Good Morning Aztlán

Great bands have a signature sound that is at once instantly recognizable and infinitely variable. That’s certainly true of Los Lobos, which by now is so well established as one of the supreme trail-blazing American roots bands that its new releases invite comparison only with its previous work. And Good Morning Aztlán is its best album since the masterful Kiko (though the underrated Colossal Head was mighty fine).

I say “roots,” but “rootsy” might be better, since the group has gone far beyond the crossbreeding of traditional Mexican music with rock ‘n’ roll that it’s best known for, drawing upon blues, country, Tex-Mex and many other genres. The Lobos have always been mezcladores, or mixer-uppers, but here they outdo themselves. There are touches of reggae (in “Maria Cristina"), Marvin Gaye-style soul ("The Word"), salsa (in “Luz de Mi Vida,” with its delightful Spanglish lyrics), even rockabilly (in the title tune, a series of vivid snapshots of East L.A. life).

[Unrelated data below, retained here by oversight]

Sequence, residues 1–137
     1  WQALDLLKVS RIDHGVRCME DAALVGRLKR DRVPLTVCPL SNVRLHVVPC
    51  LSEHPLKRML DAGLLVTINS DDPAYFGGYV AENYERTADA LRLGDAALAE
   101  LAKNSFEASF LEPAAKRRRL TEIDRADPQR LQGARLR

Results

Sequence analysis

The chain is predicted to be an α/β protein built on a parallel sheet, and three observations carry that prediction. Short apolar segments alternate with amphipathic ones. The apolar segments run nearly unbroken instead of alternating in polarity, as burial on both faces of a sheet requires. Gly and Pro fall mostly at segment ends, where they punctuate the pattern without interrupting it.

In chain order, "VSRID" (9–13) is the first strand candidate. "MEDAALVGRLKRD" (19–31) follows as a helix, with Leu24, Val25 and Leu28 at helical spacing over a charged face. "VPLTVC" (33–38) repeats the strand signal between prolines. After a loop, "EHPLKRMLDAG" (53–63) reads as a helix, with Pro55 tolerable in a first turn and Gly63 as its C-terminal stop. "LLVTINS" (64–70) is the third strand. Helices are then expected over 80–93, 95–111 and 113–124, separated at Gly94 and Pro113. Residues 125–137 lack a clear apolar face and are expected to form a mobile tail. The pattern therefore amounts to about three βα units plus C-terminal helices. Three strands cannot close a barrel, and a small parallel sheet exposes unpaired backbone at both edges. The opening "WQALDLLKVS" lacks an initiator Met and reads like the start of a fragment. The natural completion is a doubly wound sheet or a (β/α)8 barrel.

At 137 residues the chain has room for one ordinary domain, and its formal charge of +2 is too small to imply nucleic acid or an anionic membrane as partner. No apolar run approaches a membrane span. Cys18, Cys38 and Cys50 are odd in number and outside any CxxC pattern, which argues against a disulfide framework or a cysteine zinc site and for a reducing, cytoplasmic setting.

These may be fundamentally simple genres, but the Lobos are anything but a simple band. Their sheer proficiency after 25 years of playing together is something to marvel at, and lyricist (and drummer) Louie Perez deserves to be called a poet. The Lobos ask to be listened to carefully—if you can stop dancing long enough to do so. And the more I listen to Good Morning Aztlán, the more I like it. It’s like a tour of wonderful musical forms led by a group of superb musicians who are determined to bring joy into your life.